Date2. August 2017 | 16:39
TagsBroad Peak, Dreamers Destination, John Snorri Sigurjonsson, Karakoram, Mingma Gyalje Sherpa, Pakistan, summit attempt
The base camp at K 2, the second highest mountain on earth, will turn empty in the coming days. Andrzej Bargiel and his Polish friends declared that their ski expedition was over after they had finished their summit attempt at the weekend because of too much avalanche danger. The Swedish Fredrik Sträng and his Pakistani companion also turned around. The commercial expedition operators Furtenbach Adventure and Himalayan Experience had previously thrown in the towel.
Mingma Gyalje Sherpa, head of the operator Dreamers Destination, can return to Nepal highly satisfied. Under the guidance of the 31-year-old a team of twelve climbers had reached the 8,611-meter-high summit on Friday. These were the first summit successes on K2 since 2014, when Mingma had also been one of the successful climbers there and had climbed up without breathing mask. In spring 2017, the extremely high performing Sherpa had already scaled along with clients the eight-thousanders Dhaulagiri and Makalu. This summer he had reached with a team the summit ridge of Nanga Parbat without knowing if they had really found the highest point. After his success on K2, I have sent Mingma some questions. Here are his answers:
Mingma, first of all congrats to you and your team. Great performance! Some expedition leaders turned around due to the avalanche risk which they valued as being too high. What made you feel confident that it could work?
Date31. July 2017 | 13:55
It was a tough piece of work. “Finally we are at the summit of K2,” Mingma Gyalje Sherpa, head of the Nepalese expedition operator Dreamers Destination, wrote on Facebook. Besides him, eleven other climbers had reached the highest point at 8,611 meters, including six Sherpas, Mingma said. Obviously it took them about 16 hours to climb from the last high camp on the K2 Shoulder at about 7,650 meters up to the summit – no wonder considering the large amount of fresh snow, which had previously caused some teams to abandon their attempts due to the avalanche danger.
Date28. July 2017 | 14:41
TagsDreamers Destination, John Snorri Sigurjonsson, K2, Karakoram, Mingma Gyalje Sherpa, Pakistan, Summit success, Vanessa O'Brien, Zhang Liang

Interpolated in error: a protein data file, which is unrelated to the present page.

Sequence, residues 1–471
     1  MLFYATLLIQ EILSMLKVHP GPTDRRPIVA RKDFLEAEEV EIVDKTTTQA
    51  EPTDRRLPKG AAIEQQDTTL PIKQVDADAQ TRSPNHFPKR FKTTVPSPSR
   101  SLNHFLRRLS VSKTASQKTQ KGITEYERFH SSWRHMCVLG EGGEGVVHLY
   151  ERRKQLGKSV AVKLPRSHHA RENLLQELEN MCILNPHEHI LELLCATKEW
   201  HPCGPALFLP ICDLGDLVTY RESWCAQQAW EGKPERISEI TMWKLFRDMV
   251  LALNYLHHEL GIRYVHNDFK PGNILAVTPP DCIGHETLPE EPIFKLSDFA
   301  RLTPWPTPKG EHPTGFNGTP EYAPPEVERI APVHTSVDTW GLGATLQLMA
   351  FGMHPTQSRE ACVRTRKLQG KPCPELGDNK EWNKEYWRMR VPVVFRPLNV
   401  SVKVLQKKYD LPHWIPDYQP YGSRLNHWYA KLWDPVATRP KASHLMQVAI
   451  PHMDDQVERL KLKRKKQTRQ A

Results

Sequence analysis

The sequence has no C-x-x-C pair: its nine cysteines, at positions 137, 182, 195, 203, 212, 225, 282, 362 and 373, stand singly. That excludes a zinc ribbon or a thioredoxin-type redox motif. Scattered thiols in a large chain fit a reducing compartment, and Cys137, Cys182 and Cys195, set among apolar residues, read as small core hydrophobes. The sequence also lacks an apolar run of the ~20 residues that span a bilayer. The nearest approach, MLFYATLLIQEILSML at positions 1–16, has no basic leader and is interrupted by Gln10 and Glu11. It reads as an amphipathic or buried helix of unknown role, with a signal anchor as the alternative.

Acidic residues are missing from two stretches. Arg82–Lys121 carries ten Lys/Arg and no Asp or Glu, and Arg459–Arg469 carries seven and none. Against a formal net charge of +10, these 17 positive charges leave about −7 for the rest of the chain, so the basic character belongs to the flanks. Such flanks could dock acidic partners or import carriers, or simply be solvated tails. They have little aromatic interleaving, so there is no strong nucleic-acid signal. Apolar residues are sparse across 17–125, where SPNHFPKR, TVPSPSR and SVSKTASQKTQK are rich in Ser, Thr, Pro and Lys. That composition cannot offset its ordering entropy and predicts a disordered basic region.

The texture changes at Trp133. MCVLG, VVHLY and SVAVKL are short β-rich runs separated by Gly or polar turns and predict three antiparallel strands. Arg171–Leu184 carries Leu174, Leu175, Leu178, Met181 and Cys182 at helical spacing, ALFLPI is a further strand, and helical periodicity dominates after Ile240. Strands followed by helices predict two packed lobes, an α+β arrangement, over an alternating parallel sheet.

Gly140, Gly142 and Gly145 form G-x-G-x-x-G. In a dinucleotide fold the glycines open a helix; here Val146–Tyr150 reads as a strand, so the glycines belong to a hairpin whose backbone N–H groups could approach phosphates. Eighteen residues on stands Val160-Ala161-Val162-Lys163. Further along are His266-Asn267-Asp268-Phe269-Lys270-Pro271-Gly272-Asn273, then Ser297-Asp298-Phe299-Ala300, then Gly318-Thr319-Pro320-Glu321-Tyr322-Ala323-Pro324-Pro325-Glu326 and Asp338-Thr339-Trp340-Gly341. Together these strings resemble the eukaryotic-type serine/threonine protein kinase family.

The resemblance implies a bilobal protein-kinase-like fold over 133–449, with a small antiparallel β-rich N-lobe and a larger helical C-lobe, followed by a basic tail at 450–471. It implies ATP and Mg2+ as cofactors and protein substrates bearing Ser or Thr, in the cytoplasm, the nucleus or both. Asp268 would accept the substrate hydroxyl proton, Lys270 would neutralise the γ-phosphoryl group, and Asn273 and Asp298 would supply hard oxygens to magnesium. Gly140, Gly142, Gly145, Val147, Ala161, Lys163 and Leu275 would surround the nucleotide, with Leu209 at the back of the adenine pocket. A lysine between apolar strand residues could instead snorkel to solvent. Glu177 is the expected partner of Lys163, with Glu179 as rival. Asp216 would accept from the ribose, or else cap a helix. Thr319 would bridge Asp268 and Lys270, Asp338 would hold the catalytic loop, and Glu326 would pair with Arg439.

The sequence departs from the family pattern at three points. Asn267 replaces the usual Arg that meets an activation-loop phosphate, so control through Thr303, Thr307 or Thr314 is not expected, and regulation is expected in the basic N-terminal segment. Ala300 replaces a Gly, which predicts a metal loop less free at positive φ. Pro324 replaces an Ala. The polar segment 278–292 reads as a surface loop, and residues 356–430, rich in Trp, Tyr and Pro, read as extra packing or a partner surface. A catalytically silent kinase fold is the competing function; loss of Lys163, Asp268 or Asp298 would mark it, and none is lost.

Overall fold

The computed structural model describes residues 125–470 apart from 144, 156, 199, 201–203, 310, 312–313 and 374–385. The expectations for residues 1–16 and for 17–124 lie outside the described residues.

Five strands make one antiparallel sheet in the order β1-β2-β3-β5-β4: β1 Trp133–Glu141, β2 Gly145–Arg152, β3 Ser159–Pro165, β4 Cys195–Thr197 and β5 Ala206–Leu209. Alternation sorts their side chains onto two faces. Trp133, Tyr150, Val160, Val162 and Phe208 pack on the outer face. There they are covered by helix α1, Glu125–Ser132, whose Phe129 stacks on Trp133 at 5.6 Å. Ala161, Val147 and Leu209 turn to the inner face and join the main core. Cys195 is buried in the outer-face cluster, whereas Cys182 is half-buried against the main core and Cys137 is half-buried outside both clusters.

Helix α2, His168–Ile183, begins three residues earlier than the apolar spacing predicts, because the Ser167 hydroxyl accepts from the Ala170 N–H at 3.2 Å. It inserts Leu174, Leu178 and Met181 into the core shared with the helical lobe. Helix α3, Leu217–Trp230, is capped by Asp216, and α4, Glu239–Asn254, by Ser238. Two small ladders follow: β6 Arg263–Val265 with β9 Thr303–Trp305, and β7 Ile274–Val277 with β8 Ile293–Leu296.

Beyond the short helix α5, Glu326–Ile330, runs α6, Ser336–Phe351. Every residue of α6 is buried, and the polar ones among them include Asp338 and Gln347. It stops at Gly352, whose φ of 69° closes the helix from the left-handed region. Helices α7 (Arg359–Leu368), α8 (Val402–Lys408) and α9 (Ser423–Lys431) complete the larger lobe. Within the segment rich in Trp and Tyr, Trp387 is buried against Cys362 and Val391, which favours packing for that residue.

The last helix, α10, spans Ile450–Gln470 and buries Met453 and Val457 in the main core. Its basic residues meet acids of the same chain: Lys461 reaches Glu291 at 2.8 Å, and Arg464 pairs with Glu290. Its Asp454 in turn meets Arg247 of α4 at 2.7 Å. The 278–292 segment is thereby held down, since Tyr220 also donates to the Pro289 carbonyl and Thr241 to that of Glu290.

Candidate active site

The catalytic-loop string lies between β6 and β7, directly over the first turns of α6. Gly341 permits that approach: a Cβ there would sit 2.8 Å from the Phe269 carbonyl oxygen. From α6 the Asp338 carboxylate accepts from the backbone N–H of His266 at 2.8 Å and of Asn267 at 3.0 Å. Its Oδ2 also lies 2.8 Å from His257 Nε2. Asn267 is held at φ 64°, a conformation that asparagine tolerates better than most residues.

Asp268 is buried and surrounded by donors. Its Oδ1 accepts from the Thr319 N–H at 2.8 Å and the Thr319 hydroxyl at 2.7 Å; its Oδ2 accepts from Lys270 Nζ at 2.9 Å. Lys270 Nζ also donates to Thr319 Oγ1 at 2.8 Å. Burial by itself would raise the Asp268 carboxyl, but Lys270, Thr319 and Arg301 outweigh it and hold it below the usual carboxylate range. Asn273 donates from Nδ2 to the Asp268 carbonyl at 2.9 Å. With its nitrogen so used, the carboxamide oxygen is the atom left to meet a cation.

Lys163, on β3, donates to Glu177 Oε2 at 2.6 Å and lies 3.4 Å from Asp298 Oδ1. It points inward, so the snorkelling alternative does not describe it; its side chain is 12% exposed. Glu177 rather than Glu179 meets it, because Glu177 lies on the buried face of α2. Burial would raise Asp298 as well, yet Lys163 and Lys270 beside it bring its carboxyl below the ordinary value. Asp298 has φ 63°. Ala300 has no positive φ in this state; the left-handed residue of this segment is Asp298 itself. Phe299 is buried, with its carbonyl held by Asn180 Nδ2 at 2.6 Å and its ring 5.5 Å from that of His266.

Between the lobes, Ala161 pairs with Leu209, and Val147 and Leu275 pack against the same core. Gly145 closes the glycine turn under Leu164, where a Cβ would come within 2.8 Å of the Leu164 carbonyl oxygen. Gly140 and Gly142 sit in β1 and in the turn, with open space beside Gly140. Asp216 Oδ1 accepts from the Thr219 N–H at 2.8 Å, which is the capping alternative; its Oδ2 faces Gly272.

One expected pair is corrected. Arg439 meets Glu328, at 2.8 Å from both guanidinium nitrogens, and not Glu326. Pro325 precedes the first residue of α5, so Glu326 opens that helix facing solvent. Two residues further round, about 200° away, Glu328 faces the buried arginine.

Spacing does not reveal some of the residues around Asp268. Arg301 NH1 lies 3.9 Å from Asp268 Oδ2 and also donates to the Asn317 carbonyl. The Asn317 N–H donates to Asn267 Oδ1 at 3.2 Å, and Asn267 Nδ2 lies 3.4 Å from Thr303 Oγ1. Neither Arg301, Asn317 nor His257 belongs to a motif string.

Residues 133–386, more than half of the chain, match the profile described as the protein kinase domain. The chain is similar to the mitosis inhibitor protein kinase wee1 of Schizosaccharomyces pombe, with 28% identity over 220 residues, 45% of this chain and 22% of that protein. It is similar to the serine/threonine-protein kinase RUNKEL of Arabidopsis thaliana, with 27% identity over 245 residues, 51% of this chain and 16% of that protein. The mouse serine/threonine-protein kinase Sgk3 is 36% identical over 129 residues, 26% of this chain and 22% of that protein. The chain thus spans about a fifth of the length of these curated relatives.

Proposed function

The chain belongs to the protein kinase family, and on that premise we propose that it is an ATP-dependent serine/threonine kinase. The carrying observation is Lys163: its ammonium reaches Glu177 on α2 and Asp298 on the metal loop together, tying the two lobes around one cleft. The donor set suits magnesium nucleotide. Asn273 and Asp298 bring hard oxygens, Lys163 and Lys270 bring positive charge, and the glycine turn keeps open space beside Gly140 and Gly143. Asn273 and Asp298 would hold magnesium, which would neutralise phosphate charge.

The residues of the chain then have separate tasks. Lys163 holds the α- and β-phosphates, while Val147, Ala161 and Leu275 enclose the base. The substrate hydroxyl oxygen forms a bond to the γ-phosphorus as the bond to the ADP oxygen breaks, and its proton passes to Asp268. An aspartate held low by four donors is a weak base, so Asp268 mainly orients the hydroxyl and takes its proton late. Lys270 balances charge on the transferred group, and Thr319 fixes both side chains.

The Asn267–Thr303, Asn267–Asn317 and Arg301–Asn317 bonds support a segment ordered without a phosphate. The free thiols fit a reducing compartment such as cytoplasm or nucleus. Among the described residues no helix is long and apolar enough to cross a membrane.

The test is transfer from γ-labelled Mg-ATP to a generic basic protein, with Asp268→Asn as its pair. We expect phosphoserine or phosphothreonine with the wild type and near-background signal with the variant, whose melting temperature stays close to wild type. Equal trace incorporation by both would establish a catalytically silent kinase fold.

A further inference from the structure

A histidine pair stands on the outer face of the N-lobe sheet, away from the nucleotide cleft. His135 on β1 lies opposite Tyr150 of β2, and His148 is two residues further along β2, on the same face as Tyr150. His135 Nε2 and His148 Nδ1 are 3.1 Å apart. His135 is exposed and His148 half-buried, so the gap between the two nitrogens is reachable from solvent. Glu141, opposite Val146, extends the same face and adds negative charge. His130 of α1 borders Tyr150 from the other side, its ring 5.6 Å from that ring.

The Beatles can not have meant Oscar Cadiach when they wrote the lyrics for their song “When I’m sixty-four”: “Yours sincerely, wasting away”. The Spanish climber is 64 years old but nothing could be further from wasting away. He is certainly fitter than most 32-year-olds. Today, Oscar completed his big project: The Catalan summited the 8051- meter-high Broad Peak in the Karakoram and has now stood on top of all 14 eight-thousanders without having used bottled oxygen. 33 years ago, Cadiach had scaled his first eight-thousander, also in Pakistan: Nanga Parbat.
Date27. July 2017 | 18:56
TagsAmin Ullah, Broad Peak, John Snorri Sigurjonsson, K2, Karakoram, Kari Rostad, Muhammad Ali Sadpara, Oscar Cadiach, Pakistan, Tunc Findik, Vanessa O'Brien
Will K2, after all, stretch out its hand for reconciliation? Despite the difficult weather and snow conditions on the second highest mountain on earth, today more than a dozen climbers have reached the highest camp on the K 2 Shoulder. “He just arrived at Camp 4,” Lina Moey, partner of the Icelander John Snorri Sigurjonsson, wrote on Facebook. “He is very tired, after almost twelve hours of climbing. This was a very long day and the snow reached up to his waist at some points. Fourteen people are planing to summit the peak, 9 of them are Sherpa. They had to dig 1.5 meter down to be able to put the tent down.” On 16 May, the 44-year-old Sigurjonsson had summited the 8516-meter-high Lhotse in Nepal. He was the first Icelander on the fourth highest mountain on earth. Also on the summit of K2, he would be the first climber of his country. John’s GPS tracker showed an altitude of 7,650 meters.
Date26. July 2017 | 19:37
TagsAndrzej Bargiel, Broad Peak, Dreamers Destination, Furtenbach Adventures, John Snorri Sigurjonsson, K 2, Karakoram, Muhammad Ali Sadpara, Oscar Cadiach, Pakistan, Tunc Findik, Vanessa O'Brien
Once again the weather in the Karakorum is a grab bag. “We are all still at Base Camp with the same 4 seasons in one day, sun, cloud, rain, snow, wind,” the New Zealand expedition leader Russell Brice wrote this week from K 2, the second highest mountain on earth. About 20 kilometers as the crow flies from there, Alberto Inurrategi, Juan Vallejo and Mikel Zabalza regardless of the freak weather started their ambitious attempt to traverse Gasherbrum I and II in Alpine style without descending to the base camp – 33 years after Reinhold Messner’s and Hans Kammerlander’s pioneering on these two eight-thousanders which has not yet been repeated to date.
Date21. July 2017 | 16:15
TagsAlberto Inurrategi, Gasherbrum I, Gasherbrum II, Juan Vallejo, K 2, Karakoram, Mikel Zabalza, Pakistan, Russell Brice, Traverse